Quiet Hush

I’m sharing a video posted to my friend’s Facebook page. I expect that it won’t be as touching and lovely to Anonymous as it is to me. Playmill Theatre is staple entertainment in the tourist-but-untouched town that is West Yellowstone, MT.

Nostalgia does that, but this is beautiful. Take a moment to enjoy a quiet hush: Lullaby

That curved stage shaped my entire childhood. I spent every summer in the audience. The thing I loved best was riding alone in an old pick-up truck with Grandma and Grandpa, on the way to the cabin in Idaho, singing all the rounds there are: “Horsey, Horsey,” “Three Little Fishies,” “One Bottle o’ Pop,” and all of “Fiddler on the Roof.”

I danced and sang in those lights just one year before this 90s clip was captured.

Lisa Burton Carter, her husband Jeff, and their friend, Linda, have proven themselves to be 3 of the most solid, decent people I know. I called them out by name in my Home Page Novella, “How I Got Here.” They appeared at the razor’s edge of youth and adulthood, onto which I walked with little more than trauma, pain, anger, and grit.

At just the time when there were officially more holes in the dike than I had fingers, Linda and Lisa loved me, and Jeff wanted to paint my portrait.

I wanted to die. And I wanted to kill them all. It was 1993.

I needed this quiet hush today. I needed a reminder of good people and love in my life. More importantly, I needed a reminder of their example. If you can’t take your eyes off of the mother and daughter in this beautiful melody, it’s because what you see is authentic and deeply good. By choice, by act, by very conscious effort. (Also, ripping hilarious and talented as hell, that family, the whole lot of ’em!)

****

I still have trauma and grit. Today, the angels have sent another reminder that the time has come at last to get my kit together. I have the awareness and maturity to see what I lack, appreciate how I survived as long as I did, and alter it – just the tiniest, albeit significant tweak – to finally achieve the peace and success I long for and deserve.

photoshoot 1993

courtesy Jeff Carter, 1993 (I refused to “sit” for the artist, but after an entire summer he finally talked me into a photo shoot, from which he painted a portrait I’ve still never seen.) (That’s an authentic Native dress! ~ Aho Mitakuye Oasin ~ For us capitalists, that’s a value of $100,000!)

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The portrait I did sit for, in 1984, was for an important artist and teacher, Sergei Bongart. As with Jeff (and that incredible Native dress), it was later that I came to understand the enormous honor. Sergei fell in love with my hometown and summered there until his death in 1985. In southeast Idaho, he found “magpies and lilacs,” as in the Ukraine of his childhood.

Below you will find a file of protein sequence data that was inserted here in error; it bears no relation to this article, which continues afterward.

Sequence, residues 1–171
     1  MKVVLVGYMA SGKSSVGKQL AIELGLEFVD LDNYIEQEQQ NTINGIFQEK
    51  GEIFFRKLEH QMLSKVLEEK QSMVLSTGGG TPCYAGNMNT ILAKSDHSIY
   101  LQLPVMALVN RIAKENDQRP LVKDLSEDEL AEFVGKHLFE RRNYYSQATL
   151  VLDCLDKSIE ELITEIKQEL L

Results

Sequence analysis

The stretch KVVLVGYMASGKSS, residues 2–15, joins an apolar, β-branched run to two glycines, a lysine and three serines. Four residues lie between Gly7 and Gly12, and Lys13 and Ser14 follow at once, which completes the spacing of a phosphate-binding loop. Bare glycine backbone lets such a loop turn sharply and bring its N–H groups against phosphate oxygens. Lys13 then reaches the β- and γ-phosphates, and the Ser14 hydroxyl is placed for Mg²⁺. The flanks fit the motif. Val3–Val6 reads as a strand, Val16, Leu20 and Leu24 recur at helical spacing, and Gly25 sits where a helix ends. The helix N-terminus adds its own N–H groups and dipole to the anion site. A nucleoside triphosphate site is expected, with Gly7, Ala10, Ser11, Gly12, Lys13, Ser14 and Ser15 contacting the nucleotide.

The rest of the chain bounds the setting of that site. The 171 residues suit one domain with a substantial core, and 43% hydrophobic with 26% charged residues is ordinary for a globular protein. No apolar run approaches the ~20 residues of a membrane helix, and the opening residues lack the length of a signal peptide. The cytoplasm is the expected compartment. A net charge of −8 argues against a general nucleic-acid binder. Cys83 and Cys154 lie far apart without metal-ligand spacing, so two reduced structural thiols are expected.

sergei bongart

Sergei Bongart as a young man

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Murky Full Moon

I still feel spun near the center of a Universal smack-down, but ebbing out of the survival zone. Last month’s eclipse is still with me and hurting, specifically because my success at having fun with it made it all the more bittersweet. Sometimes it makes me sad to watch how good I am at having fun. I don’t know how to explain that, except to say that the little girl growing up beaten, abandoned, furious, and scared to death just figured out how. And this middle-aged gal still has it. How can that be sad?

It’s bittersweet, too, because though I was able to make a truly joyous occasion of it, I could simply have gone home and enjoyed my family, the spectacular countryside, and the magic. I chose instead to scrape out another miracle of mood-alteration. I guess I needed to believe I still could. Nice it didn’t take drugs, like the old party girl would.

I hope in the second half of my life, I’ll finally let go the need to prove myself to myself. It’s like the first half was so hard, especially the nascent beginning, that I simply refuse to believe that anything is real or solid or sticking around if it doesn’t just suck.

Thing is, that’s childish, and I’m the only one who can grow up, or refuse to. I’m in danger of not doing it at all if I don’t get this shit behind me, like, yesterday. I’m 44.

Christie, trust that the skills are in there to enjoy and appreciate magic and beauty every day. They don’t disappear or stop coming if you know that. Expecting miracles is different from taking them for granted. They’re your right and your routine.